As the market for neural network software has become more and more competitive, I’ve been intrigued to watch the proliferation of applications for this breed of statistical analysis. In a week that has produced news of neural networks put to use to diagnose epilepsy, pick stocks, protect children from internet pornography, and predict wind power came a particularly intriguing item that might not get the attention it deserves: Penn State information sciences professor Jim Jansen and his colleague Amanda Spink of the Queensland University used a neural net for a study of internet search engines and user satisfaction. Because click-throughs mean potential sales for businesses that rely on internet advertising, the study could send search engine developers scrambling to retool their engines.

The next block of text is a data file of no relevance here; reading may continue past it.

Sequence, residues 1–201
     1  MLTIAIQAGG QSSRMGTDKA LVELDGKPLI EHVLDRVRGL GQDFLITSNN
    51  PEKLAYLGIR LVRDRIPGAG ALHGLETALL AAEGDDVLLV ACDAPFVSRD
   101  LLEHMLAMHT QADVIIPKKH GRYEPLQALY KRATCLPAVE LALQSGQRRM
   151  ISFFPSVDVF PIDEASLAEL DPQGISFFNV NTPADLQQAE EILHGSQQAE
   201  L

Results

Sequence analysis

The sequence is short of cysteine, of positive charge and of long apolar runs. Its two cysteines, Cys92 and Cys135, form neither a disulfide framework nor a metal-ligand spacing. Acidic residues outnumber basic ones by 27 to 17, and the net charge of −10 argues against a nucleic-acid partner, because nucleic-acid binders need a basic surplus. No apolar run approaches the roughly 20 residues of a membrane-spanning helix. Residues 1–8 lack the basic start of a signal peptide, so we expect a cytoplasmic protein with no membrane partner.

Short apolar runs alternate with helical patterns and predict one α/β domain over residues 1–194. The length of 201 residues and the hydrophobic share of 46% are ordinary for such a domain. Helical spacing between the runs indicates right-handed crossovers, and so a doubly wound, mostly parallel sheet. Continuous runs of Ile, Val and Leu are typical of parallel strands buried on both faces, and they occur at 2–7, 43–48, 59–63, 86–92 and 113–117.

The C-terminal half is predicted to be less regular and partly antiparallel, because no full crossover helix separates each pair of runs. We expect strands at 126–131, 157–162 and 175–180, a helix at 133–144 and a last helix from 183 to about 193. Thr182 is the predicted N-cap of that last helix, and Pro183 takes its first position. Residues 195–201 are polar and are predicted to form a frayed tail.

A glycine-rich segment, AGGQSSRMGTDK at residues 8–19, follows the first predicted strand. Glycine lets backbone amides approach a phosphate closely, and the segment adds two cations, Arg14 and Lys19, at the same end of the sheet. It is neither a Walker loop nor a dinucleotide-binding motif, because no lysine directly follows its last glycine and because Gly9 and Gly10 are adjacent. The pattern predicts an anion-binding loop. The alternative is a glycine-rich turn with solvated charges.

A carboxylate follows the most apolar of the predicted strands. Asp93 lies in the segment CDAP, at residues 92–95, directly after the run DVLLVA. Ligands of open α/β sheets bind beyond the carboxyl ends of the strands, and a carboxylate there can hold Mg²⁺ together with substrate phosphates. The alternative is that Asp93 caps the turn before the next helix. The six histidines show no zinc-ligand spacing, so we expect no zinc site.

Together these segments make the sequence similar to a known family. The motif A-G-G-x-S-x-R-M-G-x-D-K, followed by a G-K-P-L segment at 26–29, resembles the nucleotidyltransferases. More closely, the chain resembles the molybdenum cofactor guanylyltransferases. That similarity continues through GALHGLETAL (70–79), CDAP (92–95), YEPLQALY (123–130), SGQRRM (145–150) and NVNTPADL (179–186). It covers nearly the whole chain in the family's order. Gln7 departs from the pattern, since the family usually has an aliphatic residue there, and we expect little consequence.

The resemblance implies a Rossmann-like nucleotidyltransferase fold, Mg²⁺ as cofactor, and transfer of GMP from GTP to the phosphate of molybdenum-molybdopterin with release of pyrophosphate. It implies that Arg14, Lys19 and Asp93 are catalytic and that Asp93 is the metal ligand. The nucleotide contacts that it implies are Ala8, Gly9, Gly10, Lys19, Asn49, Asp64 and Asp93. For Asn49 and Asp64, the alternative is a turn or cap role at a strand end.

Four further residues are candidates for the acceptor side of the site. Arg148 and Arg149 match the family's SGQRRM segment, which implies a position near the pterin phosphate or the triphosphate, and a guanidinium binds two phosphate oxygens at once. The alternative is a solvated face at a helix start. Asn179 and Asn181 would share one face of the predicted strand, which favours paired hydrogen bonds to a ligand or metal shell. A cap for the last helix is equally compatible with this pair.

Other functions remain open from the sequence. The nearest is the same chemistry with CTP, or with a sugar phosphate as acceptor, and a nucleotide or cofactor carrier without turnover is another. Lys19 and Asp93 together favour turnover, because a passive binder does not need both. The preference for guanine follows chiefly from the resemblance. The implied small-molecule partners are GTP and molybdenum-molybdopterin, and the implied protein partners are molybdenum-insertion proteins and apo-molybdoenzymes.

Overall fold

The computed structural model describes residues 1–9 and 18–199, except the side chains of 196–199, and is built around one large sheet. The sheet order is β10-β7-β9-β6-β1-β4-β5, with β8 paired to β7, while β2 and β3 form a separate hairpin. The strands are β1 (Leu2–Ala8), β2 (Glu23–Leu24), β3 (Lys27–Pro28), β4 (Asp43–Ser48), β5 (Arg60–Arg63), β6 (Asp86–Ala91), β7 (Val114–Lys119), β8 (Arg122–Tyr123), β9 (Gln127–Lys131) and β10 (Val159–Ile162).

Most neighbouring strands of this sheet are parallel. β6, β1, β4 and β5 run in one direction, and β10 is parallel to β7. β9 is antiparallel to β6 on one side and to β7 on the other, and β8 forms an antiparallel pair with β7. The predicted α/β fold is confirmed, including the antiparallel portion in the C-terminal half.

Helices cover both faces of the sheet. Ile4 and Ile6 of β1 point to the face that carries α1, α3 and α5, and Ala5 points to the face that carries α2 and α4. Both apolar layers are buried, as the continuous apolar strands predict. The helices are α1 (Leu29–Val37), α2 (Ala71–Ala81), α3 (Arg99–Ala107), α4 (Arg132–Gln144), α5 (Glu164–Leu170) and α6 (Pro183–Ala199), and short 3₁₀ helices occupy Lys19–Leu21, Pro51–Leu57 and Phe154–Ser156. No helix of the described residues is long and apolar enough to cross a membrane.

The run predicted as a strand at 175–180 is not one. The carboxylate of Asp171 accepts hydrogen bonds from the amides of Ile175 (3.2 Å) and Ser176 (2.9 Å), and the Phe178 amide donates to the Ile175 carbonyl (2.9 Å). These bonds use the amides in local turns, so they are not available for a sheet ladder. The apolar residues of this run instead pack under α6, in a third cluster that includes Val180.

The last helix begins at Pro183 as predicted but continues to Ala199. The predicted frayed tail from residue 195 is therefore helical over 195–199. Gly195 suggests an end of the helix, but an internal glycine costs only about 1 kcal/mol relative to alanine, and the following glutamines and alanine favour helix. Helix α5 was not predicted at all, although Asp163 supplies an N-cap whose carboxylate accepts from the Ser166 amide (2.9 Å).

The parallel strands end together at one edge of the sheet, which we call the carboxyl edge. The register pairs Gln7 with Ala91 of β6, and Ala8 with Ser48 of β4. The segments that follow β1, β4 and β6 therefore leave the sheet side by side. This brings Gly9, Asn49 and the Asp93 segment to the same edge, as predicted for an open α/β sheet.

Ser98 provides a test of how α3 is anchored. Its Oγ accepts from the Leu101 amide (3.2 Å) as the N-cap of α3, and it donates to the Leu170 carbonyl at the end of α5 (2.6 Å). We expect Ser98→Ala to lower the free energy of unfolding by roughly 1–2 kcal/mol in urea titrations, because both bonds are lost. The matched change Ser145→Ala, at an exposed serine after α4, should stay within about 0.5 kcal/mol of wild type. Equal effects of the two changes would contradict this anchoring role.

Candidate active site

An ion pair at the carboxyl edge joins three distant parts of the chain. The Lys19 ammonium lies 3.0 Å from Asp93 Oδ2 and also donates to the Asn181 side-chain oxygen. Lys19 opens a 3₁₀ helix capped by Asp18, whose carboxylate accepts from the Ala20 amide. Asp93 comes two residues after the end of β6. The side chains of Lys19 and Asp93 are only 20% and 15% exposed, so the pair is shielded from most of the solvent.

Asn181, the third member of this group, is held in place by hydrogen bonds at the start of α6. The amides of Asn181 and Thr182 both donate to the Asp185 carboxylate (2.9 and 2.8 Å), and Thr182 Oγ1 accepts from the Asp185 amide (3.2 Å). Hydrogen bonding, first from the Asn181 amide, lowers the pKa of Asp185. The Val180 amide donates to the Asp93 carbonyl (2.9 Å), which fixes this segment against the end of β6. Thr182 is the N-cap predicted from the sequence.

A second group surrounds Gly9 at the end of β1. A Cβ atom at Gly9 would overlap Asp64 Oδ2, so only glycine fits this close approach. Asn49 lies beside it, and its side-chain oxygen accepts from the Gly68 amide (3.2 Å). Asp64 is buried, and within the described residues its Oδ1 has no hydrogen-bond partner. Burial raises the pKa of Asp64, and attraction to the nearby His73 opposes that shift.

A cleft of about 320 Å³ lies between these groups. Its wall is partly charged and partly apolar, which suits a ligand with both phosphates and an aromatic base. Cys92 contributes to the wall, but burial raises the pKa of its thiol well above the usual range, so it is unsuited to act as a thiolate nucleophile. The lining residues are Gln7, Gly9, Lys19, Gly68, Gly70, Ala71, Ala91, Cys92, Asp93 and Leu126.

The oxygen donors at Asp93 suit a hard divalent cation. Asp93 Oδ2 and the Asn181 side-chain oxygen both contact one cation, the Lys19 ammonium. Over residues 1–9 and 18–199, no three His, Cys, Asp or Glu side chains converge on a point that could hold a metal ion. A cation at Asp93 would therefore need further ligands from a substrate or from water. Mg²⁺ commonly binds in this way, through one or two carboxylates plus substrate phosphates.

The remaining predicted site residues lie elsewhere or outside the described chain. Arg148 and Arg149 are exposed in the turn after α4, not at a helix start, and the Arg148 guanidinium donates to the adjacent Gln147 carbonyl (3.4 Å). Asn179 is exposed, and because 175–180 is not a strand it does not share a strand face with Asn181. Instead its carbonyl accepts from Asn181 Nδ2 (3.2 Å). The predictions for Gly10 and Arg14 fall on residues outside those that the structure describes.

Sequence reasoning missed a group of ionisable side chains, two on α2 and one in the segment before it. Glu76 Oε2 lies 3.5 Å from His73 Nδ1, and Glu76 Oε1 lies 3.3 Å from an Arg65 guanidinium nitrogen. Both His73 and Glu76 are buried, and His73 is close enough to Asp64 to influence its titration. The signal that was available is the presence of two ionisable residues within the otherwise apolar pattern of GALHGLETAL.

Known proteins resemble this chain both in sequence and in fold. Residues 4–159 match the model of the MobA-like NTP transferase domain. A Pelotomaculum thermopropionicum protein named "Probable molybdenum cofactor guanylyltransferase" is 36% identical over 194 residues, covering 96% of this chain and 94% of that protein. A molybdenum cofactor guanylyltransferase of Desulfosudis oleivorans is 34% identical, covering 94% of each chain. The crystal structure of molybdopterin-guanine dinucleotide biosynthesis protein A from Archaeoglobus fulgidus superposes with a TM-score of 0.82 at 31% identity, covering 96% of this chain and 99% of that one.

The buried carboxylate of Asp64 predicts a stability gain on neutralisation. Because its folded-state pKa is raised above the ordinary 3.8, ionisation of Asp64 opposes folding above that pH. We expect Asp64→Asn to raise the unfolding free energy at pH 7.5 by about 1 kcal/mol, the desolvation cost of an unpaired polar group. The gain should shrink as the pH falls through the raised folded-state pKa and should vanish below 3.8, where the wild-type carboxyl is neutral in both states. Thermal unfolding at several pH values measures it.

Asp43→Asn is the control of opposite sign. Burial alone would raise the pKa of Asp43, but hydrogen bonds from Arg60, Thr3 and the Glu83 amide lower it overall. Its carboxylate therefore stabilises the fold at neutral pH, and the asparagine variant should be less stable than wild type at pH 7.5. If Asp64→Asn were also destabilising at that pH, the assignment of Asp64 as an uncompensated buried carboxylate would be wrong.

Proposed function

Here was the question Jansen and Spink posed: what is it about the results a search engine produces that causes the person who receives them to click through on a particular result?
Here was how they went about answering that question: they obtained data on 7 million interactions from the search aggregator Dogpile and used neural networks software to classify the purpose of the search–e.g., information gathering, navigation help–used other statistical analysis methods to relate their classifications to the number of click-throughs. Here a click-through indicates that the user was satisfied enough with the result to pursue it further, and obviously a search engine that produces more click-through responses is more commercially desirable.
I’ll be interested to see the reaction to the study from the search engine community, but in the meantime I’ll certainly be more aware of click-throughs in my work on commercial websites.